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The Big Pig Shoot

The Big Pig Shoot

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Published by Tim W. Brown
“The Big Pig Shoot," an excerpt from Second Acts, a novel by Tim W. Brown, published in 2010. Originally appeared as a web exclusive in November 2010 at brooklynrail.org.
“The Big Pig Shoot," an excerpt from Second Acts, a novel by Tim W. Brown, published in 2010. Originally appeared as a web exclusive in November 2010 at brooklynrail.org.

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Published by: Tim W. Brown on Nov 06, 2010
Copyright:Attribution Non-commercial


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Second Acts
, A NovelBy Tim W. Brownhttp://www.amazon.com/Second-Acts-Tim-W-Brown/dp/1928589510/ 
Second Acts
is a comic historical novel set in 1830s America, a time of great social upheaval andreform fervor, not unlike the 1960s. The novel tells the story of a young man, Dan Connor, whohas followed his wife Rachel and her lover Bruce Bilson, aUniversity of Chicago physics professor and the inventor of time travel, into the past. In his journey he obtains a mysticalsidekick, a Potawatomi transvestite named Listening Rabbit (aka Bunny), and he befriendshistorical figures such as Albert Gallatin and Samuel J. Tilden. Rachel and Bilson maddeninglystay one step ahead of Connor. But as time moves forward, Connor’s fortunes rise while Bilson’sfall, and Rachel attains fame as a lyceum speaker, the Oprah of antebellum America.
Second Acts
 refutes F. Scott Fitzgerald’s notion that “There are no second acts in American lives.”
The Big Pig ShootAn Excerpt from
Second Acts
, a NovelBy Tim W. BrownThanks, yet again, to the good graces of Mr. Gallatin, I received my invitation from theManhattan Civic Improvement Club to participate in their annual pig shoot. “Customarily,” heexplained, “invitations are sent to the three hundred richest men on the island, popularly known,appropriately enough, as ‘The Three Hundred.’ Recognizing that you possess more money than atleast two of the three hundred, I placed your name on their membership roll.”All of this was well and good, except I did not know how to shoot. To teach myself thismanly art, I purchased a hunting rifle and bullets from a hardware dealer on Dock Street, near thewaterfront, and I led Bunny on a trip each morning via the Broadway omnibus to the city’snorthern fringe, where in a meadow we improvised a firing range so I might practice.On a rocky outcrop, we set up discarded bottles that Bunny had scrounged early eachmorning from the refuse pile behind the hotel. I stood back perhaps thirty yards, loaded myweapon like the store clerk demonstrated, aimed, held my breath, pulled the trigger, and ... missedhorribly. Six days and three boxes of ammunition later, I managed to hit a bottle two times out of every five shots, a forty percent success rate. Despite a second-straight-week of target practice,during which I played whatever mind tricks I could on myself to lie still, breathe slowly, andrelax my muscles, I could do nothing to improve my technique and make this percentage rise.Looking at me after another volley of shots widely missed their mark, Bunny said,concluding that my efforts were hopeless, “Bunny no can shoot bow and arrow. No can teachyou.”“I will just take along my gun and try my best. Surely, other men have gone away fromthe event without bagging a pig.”“Potawatomi men call you woman,” Bunny said, describing what would happen if thisscenario ever unfolded at one of her tribe’s hunting expeditions.“They will not say it, but that’s what the men will think of me here, too.”From this moment forward I seriously dreaded the upcoming hunt. Putting aside my poor shooting skills, I still was not convinced that if the opportunity arose, I could shoot a gun at a pigwith the intention of killing it. What if I only wounded it, and it squealed in agony until someone,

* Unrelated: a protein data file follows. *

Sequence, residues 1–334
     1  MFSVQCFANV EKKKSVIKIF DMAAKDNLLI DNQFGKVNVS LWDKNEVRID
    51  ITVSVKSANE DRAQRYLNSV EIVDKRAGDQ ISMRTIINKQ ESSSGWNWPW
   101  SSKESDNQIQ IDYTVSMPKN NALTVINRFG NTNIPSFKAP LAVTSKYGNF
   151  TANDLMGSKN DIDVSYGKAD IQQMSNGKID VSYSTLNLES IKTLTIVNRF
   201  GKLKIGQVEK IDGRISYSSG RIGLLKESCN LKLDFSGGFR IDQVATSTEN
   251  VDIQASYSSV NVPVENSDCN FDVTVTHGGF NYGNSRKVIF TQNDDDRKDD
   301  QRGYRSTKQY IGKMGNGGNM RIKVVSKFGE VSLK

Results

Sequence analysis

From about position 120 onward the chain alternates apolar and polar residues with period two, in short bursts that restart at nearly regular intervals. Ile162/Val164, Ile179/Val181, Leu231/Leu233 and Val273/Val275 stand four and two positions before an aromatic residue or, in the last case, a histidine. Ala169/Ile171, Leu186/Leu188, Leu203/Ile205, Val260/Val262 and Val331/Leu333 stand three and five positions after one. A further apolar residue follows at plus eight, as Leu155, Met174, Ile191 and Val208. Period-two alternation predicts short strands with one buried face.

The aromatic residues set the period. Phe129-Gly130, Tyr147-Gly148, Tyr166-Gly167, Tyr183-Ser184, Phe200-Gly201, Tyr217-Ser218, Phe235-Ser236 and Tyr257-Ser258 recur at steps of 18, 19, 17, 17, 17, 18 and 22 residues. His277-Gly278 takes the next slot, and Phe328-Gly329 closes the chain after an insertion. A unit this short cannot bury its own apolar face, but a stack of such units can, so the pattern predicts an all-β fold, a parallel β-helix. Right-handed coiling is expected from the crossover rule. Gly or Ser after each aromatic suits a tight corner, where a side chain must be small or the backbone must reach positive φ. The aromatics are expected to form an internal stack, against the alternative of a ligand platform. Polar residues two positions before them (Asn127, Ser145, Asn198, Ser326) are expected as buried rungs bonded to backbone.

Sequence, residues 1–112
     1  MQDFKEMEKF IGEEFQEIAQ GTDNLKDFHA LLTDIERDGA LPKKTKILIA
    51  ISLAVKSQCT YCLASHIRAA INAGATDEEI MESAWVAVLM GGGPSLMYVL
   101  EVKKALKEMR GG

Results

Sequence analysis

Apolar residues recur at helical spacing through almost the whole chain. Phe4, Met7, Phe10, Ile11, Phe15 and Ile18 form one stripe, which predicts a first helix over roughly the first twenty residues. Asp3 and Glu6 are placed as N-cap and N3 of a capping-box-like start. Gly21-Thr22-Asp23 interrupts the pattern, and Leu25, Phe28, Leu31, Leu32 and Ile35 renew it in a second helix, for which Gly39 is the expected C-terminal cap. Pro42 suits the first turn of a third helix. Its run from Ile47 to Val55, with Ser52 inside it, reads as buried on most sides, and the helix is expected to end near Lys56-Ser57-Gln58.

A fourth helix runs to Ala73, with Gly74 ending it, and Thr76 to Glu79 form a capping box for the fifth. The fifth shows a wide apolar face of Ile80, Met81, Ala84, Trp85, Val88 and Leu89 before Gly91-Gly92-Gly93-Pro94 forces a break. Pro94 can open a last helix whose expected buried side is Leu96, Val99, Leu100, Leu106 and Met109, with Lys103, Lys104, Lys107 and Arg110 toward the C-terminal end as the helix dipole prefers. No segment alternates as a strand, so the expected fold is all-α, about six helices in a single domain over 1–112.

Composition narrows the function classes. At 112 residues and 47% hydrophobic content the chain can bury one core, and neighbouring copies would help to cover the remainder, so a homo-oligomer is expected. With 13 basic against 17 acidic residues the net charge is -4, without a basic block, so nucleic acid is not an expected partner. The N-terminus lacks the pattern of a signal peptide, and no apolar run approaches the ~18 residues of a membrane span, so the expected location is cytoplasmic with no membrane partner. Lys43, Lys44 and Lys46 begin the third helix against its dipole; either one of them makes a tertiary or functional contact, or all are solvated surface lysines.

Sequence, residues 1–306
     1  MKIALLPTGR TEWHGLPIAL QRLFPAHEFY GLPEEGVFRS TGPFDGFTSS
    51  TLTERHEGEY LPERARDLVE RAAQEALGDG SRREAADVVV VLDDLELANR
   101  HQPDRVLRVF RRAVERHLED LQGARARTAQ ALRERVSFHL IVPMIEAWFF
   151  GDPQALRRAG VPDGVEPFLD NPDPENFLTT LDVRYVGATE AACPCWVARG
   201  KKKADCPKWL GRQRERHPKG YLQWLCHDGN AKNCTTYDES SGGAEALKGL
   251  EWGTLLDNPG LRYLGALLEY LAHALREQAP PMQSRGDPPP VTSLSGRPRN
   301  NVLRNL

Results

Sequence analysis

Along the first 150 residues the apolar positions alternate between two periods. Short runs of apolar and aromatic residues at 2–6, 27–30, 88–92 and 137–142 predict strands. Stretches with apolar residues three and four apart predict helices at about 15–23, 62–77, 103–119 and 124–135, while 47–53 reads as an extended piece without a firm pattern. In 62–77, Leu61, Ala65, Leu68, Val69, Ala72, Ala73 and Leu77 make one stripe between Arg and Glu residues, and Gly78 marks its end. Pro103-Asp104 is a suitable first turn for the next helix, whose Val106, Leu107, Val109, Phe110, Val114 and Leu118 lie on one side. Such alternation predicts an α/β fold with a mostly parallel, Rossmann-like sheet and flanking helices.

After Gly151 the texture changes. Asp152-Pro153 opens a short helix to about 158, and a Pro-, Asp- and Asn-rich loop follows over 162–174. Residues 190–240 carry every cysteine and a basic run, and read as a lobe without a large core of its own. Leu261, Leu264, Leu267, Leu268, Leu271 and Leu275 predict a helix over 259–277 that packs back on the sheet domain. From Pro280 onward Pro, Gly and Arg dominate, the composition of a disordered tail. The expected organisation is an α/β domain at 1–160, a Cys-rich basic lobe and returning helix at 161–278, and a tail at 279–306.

probably not me, shot it again to put it out of its misery? In the modern world, where meat arrivesin your home already butchered, weighed, and wrapped in plastic, these images seemed positivelygrotesque.Also, I felt pressure emanating from Bunny, whom I did not want to disappoint. She hadformulated grand plans of serving a traditional Indian meal to Mr. Gallatin and me, with roast pig,a delicacy for her people, as the centerpiece. In her reasoning, I personally had to shoot the pig, because otherwise she would have to pitch in and prepare the feast for the polity, according to arecipe on which a majority of the cooks agreed. She required her very own pig to fulfill her vision, and I was appointed to supply it. Relating the opinions of the men in her tribe earlier, shemeant to shame me into shooting better, which, in turn, would award her her prize.To ready herself for the big event, Bunny prevailed upon me to take her to a cutlery storeand purchase a set of steel white men’s knives. In Fulton Street, among waves of meatpackershauling sides of beef and skinned pigs to-and-fro, we found such a store run by a man wearing atop hat and bloody apron -- a gentleman butcher. From his impressive stock Bunny selected four carving knives of various sizes, a meat cleaver, and a sharpening stone.As he wrapped her purchases in a scrap of burlap and tied the bundle with a length of twine, our gentleman butcher quipped, “I trust you’re not planning to use these knives to scalpyour enemies! Ha ha ha!”“Just getting ready for the annual pig shoot on Saturday,” I said. I glanced over at Bunny,who scowled at the man as if he were the only person in the world she meant to scalp. Bunny prided herself on being a civilized Indian, not only since traveling east away from the frontier with me, but long before we met, as the member of a settled, stationary tribe of farmers andwoodsmen that had inhabited their land for generations. She distinguished her tribe’s situationfrom the restless, acquisitive Huron to the east and the nomadic, slovenly Sioux to the west. Sheconsidered neither bunch particularly civilized.To encourage her improved behavior under Mr. Gallatin’s influence, I praised Bunny for not punching the gentleman butcher, or worse. She seemed pleased that I had recognized her restraint, and she promised to act like a civilized lady in all of her dealings. For the remainder of the week we looked forward, with varying degrees of relish, to the big pig hunt.I was unprepared for the massive exodus from the city, which began at dawn and lastedthe better part of Saturday morning. Omnibuses, freight wagons, and private coaches carted passengers heavily armed with guns, forks, and knives up the city’s three main thoroughfares,